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Today’s Workshop Wednesday guest is best selling crime novelist Katherine Howell, sharing her tips on how to use the details of your life to enhance the authenticity of your fiction. But before we get started, here’s a snippet of bio:

Katherine Howell worked as a paramedic for fifteen years and uses that experience in her bestselling crime novels, the sixth of which will be released early in 2013. Her books have won awards and are published in multiple countries and languages, and in print, e-book, and audio form. Katherine holds two degrees in writing and is studying female doctor investigators in crime fiction for her PhD at the University of Queensland. She teaches workshops in writing and editing, and lives in Queensland with her partner, who owns a bookshop.

Katherine’s latest release is Silent Fear:

On a searing summer’s day paramedic Holly Garland rushes to an emergency to find a man collapsed with a bullet wound in the back of his head, CPR being performed by two bystanders, and her long-estranged brother Seth watching it all unfold.

Seth claims to be the dying man’s best friend, but Holly knows better than to believe anything he says and fears that his re-appearance will reveal the bleak secrets of her past – secrets which both her fiance Norris and her colleagues have no idea exist, and which if exposed could cause her to lose everything.

Detective Ella Marconi suspects Seth too, but she’s also sure the dead man’s wife is lying, and the deceased’s boss seems just too helpful. But then a shocking double homicide related to the case makes Ella realise that her investigations are getting closer to the killer, but also increasing the risk of an even higher body count.

I’ve read and loved several of the Ella Marconi series and am looking forward to this latest edition!  But without further ado, here is Katherine’s advice on adapting your experience into fiction…

Katherine: My first novel, Frantic, was published in Australia in 2007 and features police detective Ella Marconi alongside paramedics. It’s been followed by four more novels, and each continues the angle of using paramedics as protagonists, something that not only provides a point of difference for the books but also draws on my experience of doing that job for fifteen years.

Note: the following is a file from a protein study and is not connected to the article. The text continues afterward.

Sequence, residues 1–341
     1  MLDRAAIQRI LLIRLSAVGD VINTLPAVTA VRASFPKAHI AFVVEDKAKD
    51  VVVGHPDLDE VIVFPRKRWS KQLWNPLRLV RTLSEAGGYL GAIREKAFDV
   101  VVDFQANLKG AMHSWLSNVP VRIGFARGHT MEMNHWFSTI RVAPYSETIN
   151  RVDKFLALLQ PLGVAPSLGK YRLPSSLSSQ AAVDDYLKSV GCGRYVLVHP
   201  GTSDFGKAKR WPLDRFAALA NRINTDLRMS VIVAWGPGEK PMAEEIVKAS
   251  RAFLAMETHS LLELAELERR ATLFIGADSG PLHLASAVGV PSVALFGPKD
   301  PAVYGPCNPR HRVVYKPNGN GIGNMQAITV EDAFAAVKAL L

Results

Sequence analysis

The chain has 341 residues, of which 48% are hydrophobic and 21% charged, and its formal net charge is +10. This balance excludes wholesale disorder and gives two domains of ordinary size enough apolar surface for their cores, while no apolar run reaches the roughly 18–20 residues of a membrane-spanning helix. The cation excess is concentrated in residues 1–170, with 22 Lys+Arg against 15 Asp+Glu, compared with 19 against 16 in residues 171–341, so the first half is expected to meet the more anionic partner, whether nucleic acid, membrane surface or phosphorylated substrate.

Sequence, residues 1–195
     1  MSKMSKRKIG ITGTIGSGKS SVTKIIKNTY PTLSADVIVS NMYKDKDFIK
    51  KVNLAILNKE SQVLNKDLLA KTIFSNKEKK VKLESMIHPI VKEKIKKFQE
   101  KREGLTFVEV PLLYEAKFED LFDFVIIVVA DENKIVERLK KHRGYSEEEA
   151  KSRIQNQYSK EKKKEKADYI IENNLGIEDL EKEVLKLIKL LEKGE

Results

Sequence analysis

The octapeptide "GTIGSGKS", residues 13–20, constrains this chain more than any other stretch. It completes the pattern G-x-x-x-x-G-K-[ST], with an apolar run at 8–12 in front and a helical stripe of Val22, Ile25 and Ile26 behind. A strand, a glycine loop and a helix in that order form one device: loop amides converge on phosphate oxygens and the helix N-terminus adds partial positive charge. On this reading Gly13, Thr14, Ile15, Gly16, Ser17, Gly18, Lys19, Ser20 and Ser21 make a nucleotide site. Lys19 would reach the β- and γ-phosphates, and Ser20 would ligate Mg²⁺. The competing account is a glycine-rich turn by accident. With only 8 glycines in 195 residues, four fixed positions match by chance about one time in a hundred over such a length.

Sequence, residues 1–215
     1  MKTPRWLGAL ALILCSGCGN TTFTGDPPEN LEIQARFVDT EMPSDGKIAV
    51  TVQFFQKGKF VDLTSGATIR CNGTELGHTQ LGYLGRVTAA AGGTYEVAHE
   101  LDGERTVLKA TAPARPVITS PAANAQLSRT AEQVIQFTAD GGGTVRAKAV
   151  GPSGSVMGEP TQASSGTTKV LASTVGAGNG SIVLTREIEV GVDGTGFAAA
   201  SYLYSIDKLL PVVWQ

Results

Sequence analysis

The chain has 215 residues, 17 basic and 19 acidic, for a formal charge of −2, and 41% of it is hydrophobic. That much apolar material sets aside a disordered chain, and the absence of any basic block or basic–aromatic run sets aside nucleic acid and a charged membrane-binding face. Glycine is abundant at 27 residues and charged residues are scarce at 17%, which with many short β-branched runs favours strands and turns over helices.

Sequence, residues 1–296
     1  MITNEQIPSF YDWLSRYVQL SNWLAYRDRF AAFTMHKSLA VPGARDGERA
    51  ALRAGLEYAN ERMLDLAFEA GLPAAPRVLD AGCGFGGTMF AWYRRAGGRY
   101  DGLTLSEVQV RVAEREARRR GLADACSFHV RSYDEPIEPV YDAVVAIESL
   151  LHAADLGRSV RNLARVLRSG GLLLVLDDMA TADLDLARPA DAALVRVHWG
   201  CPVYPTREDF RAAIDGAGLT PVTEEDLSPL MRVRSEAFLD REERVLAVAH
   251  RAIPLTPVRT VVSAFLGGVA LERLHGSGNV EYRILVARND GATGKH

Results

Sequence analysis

I’m often asked about the process of turning that real-life experience into fiction and I always answer that it wasn’t easy. I initially resisted the idea and instead wrote bottom-drawer manuscripts about – variously – cults, forensic science students, and cops chasing a killer with assistance from a ghost. When I did finally recognise the drama and story value in the job, my first attempts to put it on paper overflowed with my grief and anger about the situations I faced daily and the people I tried to save. It took counselling and my eventual resignation to manage these emotions, and even then it was months before they disappeared completely from my writing. Once that happened, however, I was faced with the next problem: how to use these paramedic stories in the procedural crime series I wanted to write.

I’d wanted to have a paramedic as my protagonist, but couldn’t see how to have her plausibly solving crime. Over time I realised I needed a police detective; a scary thought at first, because I felt a huge gap in my knowledge—I knew the paramedic’s world so well, it seemed wrong to not have the same understanding of the detective’s. I wanted to be true to these jobs, and to not know it all made me think I couldn’t do it justice. I saw, however, how many crime novels are written by non-cops (ie, most of them), and decided to give it a try.

This then brought up another problem: to me, being true to the job of paramedic meant putting in every moment of a case, every question and answer, every action, every step of treatment. But as my manuscript grew longer, with scenes rolling on interminably for pages, it was clear this wouldn’t work. I reread a heap of crime novels, analysed how the authors delivered information, and saw that I needed verisimilitude rather than total adherence to the facts. The real-life details were like a garnish, to be sprinkled in here and there to add flavour and impact. Too much of it overwhelmed the most important elements of all, the reasons people pick up a book: characters and story.

I went back to the start of the manuscript and changed how I incorporated my experiences, and finally saw the work come alive. Months of hard work later, and a year after I quit that job, the ms sold as part of a two book deal to Pan Macmillan, and as I write now I keep the ideas of ‘detail is garnish’ and ‘story is king’ foremost in my mind.

Louise:  Thanks Katherine!  Great to see the process of adapting your career experience into best selling crime novels. If anyone has questions for Katherine, or has used their own life experience in fiction, we’d love to hear about it. Just drop in a comment below.

And if you’re interested in other Workshop Wednesday topics, the full list is here.